A tactical nuclear weapon has gone missing somewhere in the Middle East and is thought to have been smuggled into the United States by a small group of Iranian terrorists intent on chaos and destruction. The target? Unknown, but the FBI’s local director is convinced that it’s the Sequoya nuclear plant and that the clock is ticking. Convinced that the threat is real and that his only link to the terrorists is Harry Starke’s nemesis, Shady Tree, he turns to Harry for help. But Harry has demons of his own to deal with, and the hunt for Tree quickly turns into a race against time. Apocalypse is the 13th standalone novel in a series of hard-boiled thrillers. If you like tough-as-nails heroes and twists you won’t see coming, then you’ll love Blair Howard’s latest gritty, edge-of-your-seat thriller. Blair Howard is author of more than 40 books and many magazine, newspaper, and web articles. For seven “long and dreadful years,” he ran the Golf Travel channel for the New York Times company. His work has appeared in, among others, Delta’s Sky Magazine, PHOTOgraphic magazine, The Mail on Sunday, The Walking Magazine, Petersen’s Hunting Magazine, The Boston Herald, The Detroit Free-Press, and The Anchorage Times.
Jonathan Lowe) How did you began writing?
Blair Howard) I was a journalist for a great many years, eight of them for the new York Times company, but I’ve always wanted to write fiction but never could find enough time. I made several starts – short stories, one of which became my sixth Harry Starke Novel, Family Matters – but it wasn’t until 2015 that I began writing fiction in earnest. Harry Starke Book 1 was completed in September that year.
JL) What is the takeaway to Apocalypse, and the inspiration for it?
BH) Apocalypse is a thriller rather than a crime/mystery novel, and it’s the latest book in the Harry Starke series having been published only six weeks six weeks ago. It’s the result of a half dozen or so comments in reviews that stated that, “Harry Starke is no Jack Reacher.” Of course he’s not; he never was meant to be. He’s a detective, and a damn good one, or so his fans tell me across more than 6,000 four and five-star reviews on Amazon and Goodreads. I never take negative reviews personally – you either like the stories or you don’t - but those comments started my juices flowing. “If you want Jack Reacher,” I thought, “I can do that,” and I did, and quite successfully too judging by the reviews: 115 so far at 4.8-star average on Amazon alone; even more on Goodreads.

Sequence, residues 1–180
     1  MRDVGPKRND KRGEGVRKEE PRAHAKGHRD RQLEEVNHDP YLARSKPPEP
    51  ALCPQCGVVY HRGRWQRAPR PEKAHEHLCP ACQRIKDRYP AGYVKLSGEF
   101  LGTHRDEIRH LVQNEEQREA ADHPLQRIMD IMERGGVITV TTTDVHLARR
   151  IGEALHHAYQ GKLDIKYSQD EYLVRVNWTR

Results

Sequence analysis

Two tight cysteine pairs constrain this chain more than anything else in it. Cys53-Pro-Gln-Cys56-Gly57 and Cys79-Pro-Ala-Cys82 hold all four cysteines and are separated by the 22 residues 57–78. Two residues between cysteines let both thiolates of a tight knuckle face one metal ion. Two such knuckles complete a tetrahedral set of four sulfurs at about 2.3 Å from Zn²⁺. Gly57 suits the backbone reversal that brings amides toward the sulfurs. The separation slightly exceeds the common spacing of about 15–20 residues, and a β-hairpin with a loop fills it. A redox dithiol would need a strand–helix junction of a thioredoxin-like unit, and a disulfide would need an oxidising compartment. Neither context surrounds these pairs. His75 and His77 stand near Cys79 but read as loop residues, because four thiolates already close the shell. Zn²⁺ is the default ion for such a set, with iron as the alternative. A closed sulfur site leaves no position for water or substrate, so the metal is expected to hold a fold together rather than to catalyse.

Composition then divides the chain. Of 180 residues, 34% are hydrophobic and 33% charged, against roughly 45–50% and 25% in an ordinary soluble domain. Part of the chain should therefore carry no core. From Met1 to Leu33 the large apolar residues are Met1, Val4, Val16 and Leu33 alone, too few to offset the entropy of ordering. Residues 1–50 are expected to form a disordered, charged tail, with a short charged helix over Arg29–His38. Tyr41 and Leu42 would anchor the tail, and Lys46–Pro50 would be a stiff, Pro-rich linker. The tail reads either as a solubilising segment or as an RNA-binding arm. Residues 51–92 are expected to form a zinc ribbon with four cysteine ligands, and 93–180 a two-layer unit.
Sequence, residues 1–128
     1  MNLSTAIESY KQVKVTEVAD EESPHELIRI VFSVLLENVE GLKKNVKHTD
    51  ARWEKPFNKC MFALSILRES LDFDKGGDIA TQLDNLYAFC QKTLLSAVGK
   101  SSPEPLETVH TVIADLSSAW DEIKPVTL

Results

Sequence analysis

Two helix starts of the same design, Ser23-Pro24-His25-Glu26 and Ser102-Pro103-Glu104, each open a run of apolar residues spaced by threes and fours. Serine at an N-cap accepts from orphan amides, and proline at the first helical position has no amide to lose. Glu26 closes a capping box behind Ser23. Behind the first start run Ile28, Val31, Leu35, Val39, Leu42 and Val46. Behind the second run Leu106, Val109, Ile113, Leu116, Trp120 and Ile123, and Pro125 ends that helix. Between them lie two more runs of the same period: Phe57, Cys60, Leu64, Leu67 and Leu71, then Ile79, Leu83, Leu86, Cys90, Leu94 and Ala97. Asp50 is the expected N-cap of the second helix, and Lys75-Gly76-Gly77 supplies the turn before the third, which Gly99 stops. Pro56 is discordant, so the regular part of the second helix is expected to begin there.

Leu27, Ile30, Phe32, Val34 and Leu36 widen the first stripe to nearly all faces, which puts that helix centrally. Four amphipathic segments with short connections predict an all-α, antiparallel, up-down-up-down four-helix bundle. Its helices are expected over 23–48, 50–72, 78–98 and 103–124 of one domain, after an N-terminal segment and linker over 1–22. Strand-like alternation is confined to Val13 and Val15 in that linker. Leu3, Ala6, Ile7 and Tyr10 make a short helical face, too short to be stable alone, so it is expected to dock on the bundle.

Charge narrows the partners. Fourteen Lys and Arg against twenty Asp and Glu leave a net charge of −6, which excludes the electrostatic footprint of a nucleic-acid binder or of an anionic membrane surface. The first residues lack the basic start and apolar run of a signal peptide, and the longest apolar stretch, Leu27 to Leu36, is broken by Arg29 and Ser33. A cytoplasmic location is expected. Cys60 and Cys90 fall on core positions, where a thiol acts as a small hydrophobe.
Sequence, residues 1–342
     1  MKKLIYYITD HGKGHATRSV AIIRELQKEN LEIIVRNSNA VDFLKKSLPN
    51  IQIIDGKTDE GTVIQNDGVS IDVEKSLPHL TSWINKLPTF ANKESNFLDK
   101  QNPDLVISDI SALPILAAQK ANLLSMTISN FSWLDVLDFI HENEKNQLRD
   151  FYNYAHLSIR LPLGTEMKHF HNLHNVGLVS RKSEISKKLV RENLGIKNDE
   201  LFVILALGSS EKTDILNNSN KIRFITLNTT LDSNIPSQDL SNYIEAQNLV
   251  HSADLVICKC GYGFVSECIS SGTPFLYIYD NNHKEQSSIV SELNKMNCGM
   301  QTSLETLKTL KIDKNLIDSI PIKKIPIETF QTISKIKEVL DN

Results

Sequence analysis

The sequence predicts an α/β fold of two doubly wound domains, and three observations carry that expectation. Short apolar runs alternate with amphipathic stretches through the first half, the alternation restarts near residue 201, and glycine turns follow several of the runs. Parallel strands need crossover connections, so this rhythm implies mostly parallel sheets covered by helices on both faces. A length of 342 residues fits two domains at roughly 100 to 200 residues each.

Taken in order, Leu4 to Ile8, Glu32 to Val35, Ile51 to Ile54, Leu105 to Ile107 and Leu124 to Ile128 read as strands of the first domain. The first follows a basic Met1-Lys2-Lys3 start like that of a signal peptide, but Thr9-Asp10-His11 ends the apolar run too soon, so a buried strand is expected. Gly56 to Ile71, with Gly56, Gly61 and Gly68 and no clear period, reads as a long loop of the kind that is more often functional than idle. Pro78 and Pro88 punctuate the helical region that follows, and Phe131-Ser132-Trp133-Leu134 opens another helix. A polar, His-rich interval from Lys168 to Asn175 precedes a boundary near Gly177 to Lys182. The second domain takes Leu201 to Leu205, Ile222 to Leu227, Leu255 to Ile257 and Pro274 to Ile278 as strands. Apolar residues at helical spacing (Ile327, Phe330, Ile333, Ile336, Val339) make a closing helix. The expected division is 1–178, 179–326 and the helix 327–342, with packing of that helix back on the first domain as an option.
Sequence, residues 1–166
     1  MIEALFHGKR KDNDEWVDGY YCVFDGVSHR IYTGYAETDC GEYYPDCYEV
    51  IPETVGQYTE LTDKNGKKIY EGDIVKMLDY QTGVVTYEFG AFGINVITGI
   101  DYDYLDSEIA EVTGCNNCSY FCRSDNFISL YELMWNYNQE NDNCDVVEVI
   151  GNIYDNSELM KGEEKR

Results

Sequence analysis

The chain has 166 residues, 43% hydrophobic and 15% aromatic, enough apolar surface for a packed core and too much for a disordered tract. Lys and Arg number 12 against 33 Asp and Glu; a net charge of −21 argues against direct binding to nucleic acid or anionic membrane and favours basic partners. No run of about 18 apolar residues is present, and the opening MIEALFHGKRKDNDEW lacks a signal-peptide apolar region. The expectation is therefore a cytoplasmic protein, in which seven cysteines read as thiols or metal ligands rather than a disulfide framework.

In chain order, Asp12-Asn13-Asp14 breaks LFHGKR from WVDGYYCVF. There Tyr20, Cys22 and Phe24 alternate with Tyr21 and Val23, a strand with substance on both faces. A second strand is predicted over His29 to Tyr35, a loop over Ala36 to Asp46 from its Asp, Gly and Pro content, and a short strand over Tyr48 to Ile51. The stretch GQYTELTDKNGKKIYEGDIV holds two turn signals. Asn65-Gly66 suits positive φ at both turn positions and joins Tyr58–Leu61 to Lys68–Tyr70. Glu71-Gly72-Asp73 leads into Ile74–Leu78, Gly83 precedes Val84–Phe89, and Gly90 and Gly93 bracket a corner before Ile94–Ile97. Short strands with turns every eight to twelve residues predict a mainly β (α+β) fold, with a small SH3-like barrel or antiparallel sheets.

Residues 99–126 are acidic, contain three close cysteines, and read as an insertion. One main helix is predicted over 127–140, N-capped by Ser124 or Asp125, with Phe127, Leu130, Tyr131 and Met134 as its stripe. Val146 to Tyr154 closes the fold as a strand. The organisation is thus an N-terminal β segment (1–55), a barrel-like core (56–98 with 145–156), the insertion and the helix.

JL) Why Indie and not a major publisher? Creative control?
BH) Over a period of twenty years, I had three different traditional publishers for 24 of my books. After each initial book launch, they promptly forgot about them and they ceased to sell. Now, as an Indie, I sell more books in month than I did in two years with a traditional publisher. I write the books, employ a professional editor, book cover designer, audio narrator (Tom Lennon) and I do my own marketing. Since I went Indie, I’ve sold almost 200,000 copies of my books (ebooks and paperbacks), including more than 6,500 audio books. I think I’m doing fine on my own.
JL) Any thoughts on the writing and marketing process?
BH) I do all of my own marketing and promoting. In fact, I spend almost as much time marketing as I do writing. I’m like the “My Pillow Guy” for my books.
JL) Anecdotes about fans of Harry?
BH) Anecdotes? I don’t know. What amazes me most is that so many of Harry’s fans think he’s a real person. Now that’s a complement any writer would be proud to receive. I know I am.
JL) What's next for you?
BH) I’ll continue to write Harry Starke novels, and of course I’ll continue to add to the spinoff series, The Lt. Kate Gazzara Novels. One day, I may even try my hand at SciFi, or even a spy thriller. Who knows? I do know that I’ll continue to write until I am no longer physically able, and I hope Tom Lennon will continue to narrate the Harry Starke audio books. He is the audio Harry Starke; he does a great job.